Results Patients with severe sepsis were a mean age of 69 (SD, 16) years and 48% were women. New-onset AF occurred in 5.9% of patients with severe sepsis vs 0.65% of patients without severe sepsis (multivariable-adjusted odds ratio [OR], 6.82; 95% CI, 6.54-7.11; P < .001). Severe sepsis was present in 14% of all new-onset AF in hospitalized adults. Compared with severe sepsis patients without new-onset AF, patients with new-onset AF during severe sepsis had greater risks of in-hospital stroke (75/2896 [2.6%] vs 306/46 186 [0.6%] strokes; adjusted OR, 2.70; 95% CI, 2.05-3.57; P < .001) and in-hospital mortality (1629 [56%] vs 18 027 [39%] deaths; adjusted relative risk, 1.07; 95% CI, 1.04-1.11; P < .001). Findings were robust across 2 definitions of severe sepsis, multiple methods of addressing confounding, and multiple sensitivity analyses.


Conclusion Among patients with severe sepsis, patients with new-onset AF were at increased risk of in-hospital stroke and death compared with patients with no AF and patients with preexisting AF.


Incident Stroke and Mortality Associated With New-Onset Atrial Fibrillation in Patients Hospitalized With Severe Sepsis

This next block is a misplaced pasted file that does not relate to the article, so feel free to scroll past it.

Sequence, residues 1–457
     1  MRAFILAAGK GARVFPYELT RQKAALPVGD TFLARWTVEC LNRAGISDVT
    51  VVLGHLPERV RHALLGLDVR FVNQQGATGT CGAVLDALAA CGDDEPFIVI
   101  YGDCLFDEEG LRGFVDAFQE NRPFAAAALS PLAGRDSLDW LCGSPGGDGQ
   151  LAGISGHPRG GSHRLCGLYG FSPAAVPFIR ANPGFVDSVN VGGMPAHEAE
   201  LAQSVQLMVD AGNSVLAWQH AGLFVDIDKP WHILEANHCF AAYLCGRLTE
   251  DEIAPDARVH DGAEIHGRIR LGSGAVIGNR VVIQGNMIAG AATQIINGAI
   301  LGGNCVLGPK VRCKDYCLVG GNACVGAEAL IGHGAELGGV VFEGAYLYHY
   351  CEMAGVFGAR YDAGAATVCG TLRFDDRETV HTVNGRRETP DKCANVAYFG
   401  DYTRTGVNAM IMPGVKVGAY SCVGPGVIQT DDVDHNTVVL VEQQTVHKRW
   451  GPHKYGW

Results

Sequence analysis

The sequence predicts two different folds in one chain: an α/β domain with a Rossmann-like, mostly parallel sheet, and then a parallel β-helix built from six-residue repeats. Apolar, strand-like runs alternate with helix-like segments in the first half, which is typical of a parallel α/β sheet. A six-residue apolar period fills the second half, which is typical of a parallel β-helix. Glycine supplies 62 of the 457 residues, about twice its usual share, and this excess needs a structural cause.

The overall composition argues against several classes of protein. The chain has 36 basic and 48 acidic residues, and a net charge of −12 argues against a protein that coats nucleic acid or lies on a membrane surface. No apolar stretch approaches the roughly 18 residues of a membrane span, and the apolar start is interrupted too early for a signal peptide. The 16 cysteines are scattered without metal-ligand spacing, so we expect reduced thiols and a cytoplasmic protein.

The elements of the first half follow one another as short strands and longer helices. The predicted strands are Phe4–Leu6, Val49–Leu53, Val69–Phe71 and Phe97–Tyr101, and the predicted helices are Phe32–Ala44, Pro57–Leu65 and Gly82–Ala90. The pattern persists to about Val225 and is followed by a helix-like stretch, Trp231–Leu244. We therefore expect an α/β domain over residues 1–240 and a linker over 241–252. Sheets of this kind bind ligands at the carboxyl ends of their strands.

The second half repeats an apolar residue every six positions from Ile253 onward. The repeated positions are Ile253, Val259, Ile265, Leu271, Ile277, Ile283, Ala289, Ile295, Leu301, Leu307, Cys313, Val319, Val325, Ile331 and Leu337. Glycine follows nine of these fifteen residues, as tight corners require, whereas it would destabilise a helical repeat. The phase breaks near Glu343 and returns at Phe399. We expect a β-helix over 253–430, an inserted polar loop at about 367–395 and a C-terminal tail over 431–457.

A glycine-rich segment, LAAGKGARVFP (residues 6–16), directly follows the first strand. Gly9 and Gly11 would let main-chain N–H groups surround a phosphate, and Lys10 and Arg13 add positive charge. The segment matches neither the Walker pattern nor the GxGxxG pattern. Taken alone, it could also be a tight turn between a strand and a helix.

JAMA. 2011 Nov 13. [Epub ahead of print]

Xigris withdrawn


Pharmaceutical company Eli Lilly has announced the withdrawal of its severe sepsis drug activated protein C, or drotrecogin alfa (proprietary name Xigris). This is because the PROWESS-SHOCK study, now complete, showed no benefit in its primary endpoint of 28 day mortality when compared with placebo in septic shock patients. There was also no benefit in a subgroup of patients with protein C deficiency, and no significant increased risk of severe bleeding.

The European Medicines Agency’s Instructions are:


At this stage physicians should not initiate treatment with Xigris in new patients and should stop ongoing treatment


The US Food and Drug Administration’s Instructions are:



Xigris treatment should not be started in new patients. Xigris treatment should be stopped in patients being treated with Xigris.